WASHINGTON — Lately, we’ve heard a lot of talk of this country going through a racial reckoning of sorts. Following the deaths of Breonna Taylor and George Floyd, and people marching in the streets in their names, it has been thought that maybe, finally, we are ready to address the loss of life that we’ve seen again and again, and the devaluing of life that comes with it.
People have bought books, listened to podcasts, watched documentaries and met in discussion groups. And yet the videos keep coming.
This one is short. An unarmed Black man walks away from officers who have their guns drawn.
We know where this is going. We try to look away. But we can’t. So we watch as Jacob Blake is shot in the back seven times.
We hear the shouts of rage and pain from the onlookers. We see a woman callously pushed away as she attempts to rush to his side. We watch officers start CPR on a man that they just attempted to kill.
We’ve seen a version of this played out many times now. Too many. So many that we know the story that is going to come. It’s already started.
We’ve heard talk of Jacob’s past transgressions; however large or small they may be. We’ve already been told that all he had to do was comply, and that he is partially to blame. We’re seeing the people of the community fill the streets in anger and fear. And we’ve been told of how hard it is to be police officer. How dangerous their jobs are, like the three officers from Prince Georges County, shot Sunday in the line of duty. Thankfully, all of them are recovering. Thankfully, their assailants were arrested and in jail, where they belong.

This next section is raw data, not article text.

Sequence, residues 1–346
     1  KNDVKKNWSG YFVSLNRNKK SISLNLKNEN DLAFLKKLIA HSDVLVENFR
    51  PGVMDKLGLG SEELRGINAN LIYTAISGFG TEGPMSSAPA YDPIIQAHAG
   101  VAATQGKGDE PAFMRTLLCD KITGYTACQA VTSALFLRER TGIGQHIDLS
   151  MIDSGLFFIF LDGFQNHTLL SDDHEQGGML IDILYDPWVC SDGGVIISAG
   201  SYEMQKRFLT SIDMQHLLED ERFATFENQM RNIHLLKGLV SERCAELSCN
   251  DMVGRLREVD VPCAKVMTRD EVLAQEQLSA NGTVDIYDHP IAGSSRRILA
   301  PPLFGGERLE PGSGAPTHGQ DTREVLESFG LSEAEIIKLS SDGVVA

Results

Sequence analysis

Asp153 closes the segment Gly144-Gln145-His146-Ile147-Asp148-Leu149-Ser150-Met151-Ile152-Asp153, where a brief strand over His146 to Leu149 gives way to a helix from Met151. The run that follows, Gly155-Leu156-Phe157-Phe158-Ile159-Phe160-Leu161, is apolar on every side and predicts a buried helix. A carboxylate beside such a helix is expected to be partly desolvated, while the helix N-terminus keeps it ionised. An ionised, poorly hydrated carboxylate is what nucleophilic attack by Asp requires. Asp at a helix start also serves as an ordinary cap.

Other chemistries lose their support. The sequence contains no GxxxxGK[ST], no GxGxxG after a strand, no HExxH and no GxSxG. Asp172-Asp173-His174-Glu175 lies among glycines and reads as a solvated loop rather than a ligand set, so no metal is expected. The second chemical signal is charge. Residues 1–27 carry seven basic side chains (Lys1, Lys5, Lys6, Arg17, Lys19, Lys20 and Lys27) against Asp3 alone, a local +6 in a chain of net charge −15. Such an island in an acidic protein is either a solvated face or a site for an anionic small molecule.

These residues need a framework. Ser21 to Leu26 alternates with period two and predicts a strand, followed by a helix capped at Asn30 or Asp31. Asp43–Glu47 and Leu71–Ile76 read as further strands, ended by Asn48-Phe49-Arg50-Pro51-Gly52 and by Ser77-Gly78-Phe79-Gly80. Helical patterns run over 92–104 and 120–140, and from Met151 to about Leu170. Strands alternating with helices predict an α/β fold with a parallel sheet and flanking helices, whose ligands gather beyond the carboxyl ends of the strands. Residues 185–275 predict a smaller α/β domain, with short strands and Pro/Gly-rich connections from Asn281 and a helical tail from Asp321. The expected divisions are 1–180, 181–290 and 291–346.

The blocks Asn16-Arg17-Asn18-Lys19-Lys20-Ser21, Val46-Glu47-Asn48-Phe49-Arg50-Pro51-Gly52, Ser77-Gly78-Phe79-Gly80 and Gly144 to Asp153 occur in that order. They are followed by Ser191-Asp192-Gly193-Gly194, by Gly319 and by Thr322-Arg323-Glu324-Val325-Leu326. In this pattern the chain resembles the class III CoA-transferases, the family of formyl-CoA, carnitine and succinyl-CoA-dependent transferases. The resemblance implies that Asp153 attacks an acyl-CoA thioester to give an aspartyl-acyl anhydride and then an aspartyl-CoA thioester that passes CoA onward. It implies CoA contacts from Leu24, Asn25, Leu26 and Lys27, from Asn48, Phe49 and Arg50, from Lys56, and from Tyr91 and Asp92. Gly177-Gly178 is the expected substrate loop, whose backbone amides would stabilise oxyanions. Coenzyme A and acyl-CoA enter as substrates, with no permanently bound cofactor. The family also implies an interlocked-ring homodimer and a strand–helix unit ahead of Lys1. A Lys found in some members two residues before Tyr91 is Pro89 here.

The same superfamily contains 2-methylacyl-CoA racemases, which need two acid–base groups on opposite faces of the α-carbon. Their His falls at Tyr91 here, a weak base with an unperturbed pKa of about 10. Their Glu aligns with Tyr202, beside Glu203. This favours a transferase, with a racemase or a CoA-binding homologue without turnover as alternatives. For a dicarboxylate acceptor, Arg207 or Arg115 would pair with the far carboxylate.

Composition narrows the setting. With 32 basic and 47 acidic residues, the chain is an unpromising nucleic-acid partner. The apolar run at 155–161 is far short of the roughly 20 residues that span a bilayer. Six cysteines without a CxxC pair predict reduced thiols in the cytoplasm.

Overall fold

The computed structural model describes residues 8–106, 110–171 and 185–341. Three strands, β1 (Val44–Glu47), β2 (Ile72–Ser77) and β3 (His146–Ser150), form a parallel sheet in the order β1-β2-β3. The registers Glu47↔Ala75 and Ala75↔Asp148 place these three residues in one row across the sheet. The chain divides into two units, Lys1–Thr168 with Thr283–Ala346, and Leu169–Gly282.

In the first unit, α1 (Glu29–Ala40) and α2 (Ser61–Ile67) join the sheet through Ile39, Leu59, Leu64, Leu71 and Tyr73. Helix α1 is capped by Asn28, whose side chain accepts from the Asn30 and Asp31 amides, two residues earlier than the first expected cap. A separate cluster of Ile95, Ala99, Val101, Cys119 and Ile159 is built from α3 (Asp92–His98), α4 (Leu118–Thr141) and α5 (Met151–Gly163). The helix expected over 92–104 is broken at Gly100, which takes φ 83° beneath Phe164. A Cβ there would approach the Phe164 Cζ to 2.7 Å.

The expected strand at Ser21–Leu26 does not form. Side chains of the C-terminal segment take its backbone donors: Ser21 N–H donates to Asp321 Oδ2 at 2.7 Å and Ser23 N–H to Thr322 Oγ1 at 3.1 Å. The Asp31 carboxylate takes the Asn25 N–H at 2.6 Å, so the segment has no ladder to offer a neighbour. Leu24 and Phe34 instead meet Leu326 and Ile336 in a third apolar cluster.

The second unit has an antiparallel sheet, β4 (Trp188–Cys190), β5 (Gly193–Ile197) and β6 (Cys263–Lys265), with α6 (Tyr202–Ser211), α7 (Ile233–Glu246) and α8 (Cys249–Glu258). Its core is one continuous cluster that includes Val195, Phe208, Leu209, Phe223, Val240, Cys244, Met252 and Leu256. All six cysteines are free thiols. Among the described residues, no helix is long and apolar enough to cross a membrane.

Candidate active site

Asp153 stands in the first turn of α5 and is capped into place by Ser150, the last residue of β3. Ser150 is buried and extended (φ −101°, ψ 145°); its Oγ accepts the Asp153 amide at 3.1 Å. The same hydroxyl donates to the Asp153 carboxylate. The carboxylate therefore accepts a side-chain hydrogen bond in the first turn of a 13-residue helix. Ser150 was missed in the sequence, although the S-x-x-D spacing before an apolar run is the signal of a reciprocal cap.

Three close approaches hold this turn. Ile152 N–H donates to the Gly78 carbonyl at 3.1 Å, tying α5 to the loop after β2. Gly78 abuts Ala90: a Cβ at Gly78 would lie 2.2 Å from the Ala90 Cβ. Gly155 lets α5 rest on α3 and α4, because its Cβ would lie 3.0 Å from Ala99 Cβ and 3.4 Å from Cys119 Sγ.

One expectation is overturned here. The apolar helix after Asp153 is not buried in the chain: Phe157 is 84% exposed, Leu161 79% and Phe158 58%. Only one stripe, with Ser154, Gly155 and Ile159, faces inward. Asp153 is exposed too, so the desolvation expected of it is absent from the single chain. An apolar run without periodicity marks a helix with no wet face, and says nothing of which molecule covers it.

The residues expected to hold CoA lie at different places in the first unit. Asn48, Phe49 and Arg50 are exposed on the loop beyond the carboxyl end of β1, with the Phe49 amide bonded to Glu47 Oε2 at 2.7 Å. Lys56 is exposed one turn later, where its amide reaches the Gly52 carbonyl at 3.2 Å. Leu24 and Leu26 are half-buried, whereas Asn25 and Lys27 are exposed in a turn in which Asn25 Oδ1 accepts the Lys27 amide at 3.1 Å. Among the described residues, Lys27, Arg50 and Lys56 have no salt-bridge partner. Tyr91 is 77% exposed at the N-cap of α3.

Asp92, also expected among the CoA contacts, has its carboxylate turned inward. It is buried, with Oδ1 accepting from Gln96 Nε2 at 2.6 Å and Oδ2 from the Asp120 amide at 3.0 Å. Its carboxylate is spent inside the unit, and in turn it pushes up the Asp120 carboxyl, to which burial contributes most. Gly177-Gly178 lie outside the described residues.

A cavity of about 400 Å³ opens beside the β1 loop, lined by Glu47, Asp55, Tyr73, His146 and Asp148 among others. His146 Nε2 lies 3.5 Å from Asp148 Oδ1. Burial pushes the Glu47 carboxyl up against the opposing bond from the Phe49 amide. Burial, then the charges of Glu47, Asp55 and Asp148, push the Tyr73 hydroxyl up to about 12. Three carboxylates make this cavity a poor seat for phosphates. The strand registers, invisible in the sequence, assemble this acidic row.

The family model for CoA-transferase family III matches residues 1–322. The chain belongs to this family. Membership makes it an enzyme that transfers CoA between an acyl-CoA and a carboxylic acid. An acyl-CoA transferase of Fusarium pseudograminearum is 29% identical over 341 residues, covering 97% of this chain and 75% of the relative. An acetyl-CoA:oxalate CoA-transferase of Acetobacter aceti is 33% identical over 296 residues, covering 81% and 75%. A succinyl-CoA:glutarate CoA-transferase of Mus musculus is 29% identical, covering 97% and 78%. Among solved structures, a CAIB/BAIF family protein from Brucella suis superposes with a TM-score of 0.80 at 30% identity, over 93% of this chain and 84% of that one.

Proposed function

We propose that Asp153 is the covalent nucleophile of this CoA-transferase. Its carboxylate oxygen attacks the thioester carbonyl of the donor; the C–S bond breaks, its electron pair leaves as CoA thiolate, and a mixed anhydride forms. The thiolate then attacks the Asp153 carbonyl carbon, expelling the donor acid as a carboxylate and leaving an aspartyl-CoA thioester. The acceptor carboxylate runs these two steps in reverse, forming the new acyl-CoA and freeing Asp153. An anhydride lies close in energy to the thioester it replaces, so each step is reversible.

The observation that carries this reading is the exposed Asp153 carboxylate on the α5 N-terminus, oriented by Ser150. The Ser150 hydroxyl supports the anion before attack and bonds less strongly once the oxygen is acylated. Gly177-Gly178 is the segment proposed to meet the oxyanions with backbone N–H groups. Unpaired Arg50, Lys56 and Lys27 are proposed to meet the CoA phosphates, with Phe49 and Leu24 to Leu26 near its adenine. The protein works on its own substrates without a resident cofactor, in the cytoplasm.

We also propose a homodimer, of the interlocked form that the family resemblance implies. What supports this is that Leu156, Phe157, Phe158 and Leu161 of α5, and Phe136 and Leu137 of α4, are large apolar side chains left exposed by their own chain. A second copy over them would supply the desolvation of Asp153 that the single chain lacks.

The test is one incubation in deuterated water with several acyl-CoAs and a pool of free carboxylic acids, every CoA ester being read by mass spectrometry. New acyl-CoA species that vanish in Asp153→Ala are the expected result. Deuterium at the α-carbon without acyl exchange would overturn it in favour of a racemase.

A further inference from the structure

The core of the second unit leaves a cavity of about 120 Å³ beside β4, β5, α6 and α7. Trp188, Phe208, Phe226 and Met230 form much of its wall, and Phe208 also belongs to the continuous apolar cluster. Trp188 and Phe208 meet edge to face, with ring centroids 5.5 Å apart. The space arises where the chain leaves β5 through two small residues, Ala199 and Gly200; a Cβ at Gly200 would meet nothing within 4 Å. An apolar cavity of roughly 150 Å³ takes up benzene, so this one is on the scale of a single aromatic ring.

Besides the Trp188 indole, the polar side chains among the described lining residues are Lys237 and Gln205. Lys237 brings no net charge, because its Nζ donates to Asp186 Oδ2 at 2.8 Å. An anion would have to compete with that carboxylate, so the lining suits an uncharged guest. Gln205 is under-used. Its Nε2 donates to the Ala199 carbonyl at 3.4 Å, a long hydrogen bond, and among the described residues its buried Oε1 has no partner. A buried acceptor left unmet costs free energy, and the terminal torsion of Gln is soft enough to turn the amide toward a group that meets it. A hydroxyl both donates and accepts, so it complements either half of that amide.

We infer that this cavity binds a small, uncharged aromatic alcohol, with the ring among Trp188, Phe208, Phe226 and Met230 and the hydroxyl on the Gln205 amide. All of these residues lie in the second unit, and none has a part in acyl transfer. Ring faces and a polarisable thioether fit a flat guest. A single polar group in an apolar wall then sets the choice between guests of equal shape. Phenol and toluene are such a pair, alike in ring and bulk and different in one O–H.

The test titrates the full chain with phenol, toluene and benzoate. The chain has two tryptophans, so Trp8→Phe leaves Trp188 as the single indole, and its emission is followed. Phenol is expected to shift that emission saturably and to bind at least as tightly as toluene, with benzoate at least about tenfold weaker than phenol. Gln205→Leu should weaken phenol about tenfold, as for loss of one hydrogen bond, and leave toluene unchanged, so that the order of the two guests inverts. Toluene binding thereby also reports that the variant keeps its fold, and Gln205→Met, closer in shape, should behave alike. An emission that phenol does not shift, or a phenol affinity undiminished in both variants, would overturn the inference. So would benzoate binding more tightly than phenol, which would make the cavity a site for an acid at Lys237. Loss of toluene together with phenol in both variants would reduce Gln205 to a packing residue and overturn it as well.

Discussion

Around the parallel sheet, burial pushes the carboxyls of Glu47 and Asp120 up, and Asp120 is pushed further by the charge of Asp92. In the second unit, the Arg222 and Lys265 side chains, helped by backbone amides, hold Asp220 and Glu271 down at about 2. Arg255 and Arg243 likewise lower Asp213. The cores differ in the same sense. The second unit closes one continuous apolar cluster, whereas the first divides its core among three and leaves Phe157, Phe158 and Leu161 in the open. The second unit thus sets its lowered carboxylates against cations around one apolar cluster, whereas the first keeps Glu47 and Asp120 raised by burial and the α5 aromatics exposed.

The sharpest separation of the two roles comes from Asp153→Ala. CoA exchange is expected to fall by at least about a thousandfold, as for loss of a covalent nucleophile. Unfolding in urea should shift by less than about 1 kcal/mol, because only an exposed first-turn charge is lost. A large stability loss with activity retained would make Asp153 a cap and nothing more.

What isn’t going to be talked about, not with the same energy, is the feeling of hopelessness that moments like these bring. The thought of, “There but for the grace of God go I.”
It's a feeling that myself and others deal with on almost a daily basis. A feeling that keeps parents up at night, and on edge during the day. This is our reality, and it’s tiring. It’s a reality that no one should have to live with, but unfortunately, we do.
And this is what keeps us in the streets, and keeps us saying Black Lives Matter.